In an attempt to woo the young consumer, Ford replaced the Sportsman with the Fairline G220 rated 220 kW at 4,750 rpm and 472 N.m at 3,250-4,000 rpm. It was distinguishable by its 17-inch alloy wheels, redline leather seats with warm charcoal, and ebony headlights bezels with unique lenses, among other features.
The Fairlane Ghia still used the six-cylinder engine. However, it now came fitted with a six-CD stack, colour ICC screen, and 7-way adjustable leather seats. The LTD was distinguishable from the Ghia with its 5.4L V8 engine, sunroof, 17-inch alloy wheels, and LTD badging.
Some of the changes made on the BF were carried over from the modifications done to the BA's G220 and LTD in 2005. It now had a heavily-chromed exterior. The G220, now dubbed the Fairlane G8, was fitted with leather-wrapped steering wheel.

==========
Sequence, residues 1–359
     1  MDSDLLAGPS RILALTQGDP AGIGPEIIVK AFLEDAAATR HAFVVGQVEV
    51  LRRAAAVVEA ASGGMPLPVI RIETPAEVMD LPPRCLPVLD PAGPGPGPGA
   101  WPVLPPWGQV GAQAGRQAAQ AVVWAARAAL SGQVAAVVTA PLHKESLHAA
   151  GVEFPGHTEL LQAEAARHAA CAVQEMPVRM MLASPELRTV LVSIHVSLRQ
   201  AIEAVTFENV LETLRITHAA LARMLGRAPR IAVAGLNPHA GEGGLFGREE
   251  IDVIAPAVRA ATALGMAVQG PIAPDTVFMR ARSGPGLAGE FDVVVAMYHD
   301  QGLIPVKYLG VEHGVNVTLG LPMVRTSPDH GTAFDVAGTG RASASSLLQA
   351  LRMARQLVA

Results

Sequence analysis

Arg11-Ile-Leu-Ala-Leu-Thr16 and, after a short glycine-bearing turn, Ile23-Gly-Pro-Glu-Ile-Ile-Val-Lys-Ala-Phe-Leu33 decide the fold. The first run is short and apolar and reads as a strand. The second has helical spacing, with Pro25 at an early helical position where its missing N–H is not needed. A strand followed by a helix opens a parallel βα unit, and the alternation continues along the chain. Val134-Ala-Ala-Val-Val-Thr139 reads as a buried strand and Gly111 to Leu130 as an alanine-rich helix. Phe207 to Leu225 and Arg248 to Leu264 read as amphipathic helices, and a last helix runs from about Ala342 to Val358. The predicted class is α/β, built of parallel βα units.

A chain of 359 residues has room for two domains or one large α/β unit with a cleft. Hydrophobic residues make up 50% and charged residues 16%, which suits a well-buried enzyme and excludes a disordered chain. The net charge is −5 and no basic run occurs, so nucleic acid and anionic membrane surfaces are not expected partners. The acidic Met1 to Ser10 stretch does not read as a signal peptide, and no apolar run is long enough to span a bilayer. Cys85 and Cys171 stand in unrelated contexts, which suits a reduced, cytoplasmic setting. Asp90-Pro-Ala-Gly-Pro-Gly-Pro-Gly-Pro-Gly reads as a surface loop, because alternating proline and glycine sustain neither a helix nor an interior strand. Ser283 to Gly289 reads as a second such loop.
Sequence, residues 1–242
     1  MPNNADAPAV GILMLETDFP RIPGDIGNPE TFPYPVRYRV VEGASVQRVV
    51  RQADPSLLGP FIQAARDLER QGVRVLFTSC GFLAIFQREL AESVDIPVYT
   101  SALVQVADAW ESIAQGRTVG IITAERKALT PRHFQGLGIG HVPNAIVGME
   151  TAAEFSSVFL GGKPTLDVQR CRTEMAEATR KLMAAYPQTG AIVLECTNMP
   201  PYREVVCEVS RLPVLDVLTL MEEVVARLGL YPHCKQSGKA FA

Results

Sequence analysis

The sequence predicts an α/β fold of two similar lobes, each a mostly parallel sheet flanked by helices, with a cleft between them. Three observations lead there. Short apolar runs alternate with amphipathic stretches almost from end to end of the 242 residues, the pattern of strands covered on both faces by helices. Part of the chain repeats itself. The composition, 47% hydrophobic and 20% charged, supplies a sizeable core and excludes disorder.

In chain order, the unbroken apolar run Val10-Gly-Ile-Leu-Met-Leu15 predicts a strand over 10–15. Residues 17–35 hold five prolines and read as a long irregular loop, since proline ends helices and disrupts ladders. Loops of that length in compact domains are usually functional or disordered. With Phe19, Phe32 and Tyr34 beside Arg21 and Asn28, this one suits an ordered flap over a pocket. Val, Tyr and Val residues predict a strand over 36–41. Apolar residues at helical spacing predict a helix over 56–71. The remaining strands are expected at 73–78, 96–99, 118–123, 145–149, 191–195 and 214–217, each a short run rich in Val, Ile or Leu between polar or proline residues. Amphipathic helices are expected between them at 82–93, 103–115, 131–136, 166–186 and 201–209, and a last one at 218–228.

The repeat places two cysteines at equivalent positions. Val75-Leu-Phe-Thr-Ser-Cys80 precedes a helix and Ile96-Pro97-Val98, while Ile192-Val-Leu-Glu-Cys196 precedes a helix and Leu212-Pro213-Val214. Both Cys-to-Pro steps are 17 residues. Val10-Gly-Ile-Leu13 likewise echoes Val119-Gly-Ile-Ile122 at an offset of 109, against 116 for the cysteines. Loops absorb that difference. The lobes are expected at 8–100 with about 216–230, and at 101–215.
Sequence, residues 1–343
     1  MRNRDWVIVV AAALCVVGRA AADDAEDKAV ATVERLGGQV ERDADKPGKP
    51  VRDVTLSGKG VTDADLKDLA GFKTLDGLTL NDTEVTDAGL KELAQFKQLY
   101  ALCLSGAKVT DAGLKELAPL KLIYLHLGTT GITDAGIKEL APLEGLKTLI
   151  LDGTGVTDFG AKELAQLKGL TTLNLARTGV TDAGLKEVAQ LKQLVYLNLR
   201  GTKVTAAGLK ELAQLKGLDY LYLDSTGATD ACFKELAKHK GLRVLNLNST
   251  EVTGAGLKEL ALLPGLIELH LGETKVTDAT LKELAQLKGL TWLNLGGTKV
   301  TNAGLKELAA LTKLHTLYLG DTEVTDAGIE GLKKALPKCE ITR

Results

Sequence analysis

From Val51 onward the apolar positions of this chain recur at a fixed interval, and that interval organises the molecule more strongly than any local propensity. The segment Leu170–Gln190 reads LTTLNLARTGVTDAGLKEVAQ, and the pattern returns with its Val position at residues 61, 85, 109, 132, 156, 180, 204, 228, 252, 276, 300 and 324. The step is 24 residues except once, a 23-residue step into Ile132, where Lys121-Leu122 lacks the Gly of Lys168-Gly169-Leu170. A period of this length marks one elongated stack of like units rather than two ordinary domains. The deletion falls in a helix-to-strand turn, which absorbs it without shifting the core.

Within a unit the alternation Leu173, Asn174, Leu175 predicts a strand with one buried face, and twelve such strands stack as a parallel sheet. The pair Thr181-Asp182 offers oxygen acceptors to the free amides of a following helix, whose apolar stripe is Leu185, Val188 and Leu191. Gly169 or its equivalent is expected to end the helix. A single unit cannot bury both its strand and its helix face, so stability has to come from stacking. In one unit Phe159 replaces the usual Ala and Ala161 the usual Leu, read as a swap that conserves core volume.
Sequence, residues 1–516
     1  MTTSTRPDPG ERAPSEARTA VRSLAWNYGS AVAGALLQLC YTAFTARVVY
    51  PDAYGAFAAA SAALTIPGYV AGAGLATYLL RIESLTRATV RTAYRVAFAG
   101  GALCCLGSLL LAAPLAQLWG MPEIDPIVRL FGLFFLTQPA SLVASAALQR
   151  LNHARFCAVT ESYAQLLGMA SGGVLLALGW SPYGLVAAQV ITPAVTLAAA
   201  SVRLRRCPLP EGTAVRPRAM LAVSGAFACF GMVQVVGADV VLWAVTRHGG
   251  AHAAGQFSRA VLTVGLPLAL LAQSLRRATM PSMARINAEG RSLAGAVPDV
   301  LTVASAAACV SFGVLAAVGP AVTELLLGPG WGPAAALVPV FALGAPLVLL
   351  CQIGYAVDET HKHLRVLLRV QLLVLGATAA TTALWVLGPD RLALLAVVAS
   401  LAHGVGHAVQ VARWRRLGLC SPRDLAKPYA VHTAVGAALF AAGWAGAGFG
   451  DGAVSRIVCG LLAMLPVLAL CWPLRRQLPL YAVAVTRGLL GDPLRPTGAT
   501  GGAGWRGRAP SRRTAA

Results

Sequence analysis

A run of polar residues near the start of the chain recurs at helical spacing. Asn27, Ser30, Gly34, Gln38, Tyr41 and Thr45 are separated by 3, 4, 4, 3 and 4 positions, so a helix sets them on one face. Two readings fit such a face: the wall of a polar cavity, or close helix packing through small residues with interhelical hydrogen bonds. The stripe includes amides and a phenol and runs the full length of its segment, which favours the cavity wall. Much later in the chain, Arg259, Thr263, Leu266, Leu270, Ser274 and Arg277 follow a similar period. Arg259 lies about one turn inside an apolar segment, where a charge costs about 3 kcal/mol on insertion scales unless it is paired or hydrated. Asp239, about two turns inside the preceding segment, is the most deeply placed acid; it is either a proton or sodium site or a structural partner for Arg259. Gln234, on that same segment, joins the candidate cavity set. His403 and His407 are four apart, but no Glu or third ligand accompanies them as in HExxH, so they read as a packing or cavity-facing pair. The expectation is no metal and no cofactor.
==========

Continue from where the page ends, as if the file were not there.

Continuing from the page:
The BF's steering and suspension were fine-tuned, with the Ghia now fitted with 17-inch alloy wheels and both LTD and Ghia installed with black leather seats. The G8, on the other hand, came equipped with 17-inch five-spoke alloy wheels, "Redline" leather seats, and ebony headlights bezels, among other features. A V8 engine with knock sensor powered it, pushing power to the wheels through a six-speed ZF sport automatic transmission.
It also featured 17-inch seven-spoke wheels, ten-way power-adjustable front seats, DVD player and monitor for the rear seats, and electrochromic rearview mirrors. If you need to replace these accessories or other auto parts, feel free to browse Carpart.com.au. You may also send us a parts request, and we will readily assist you.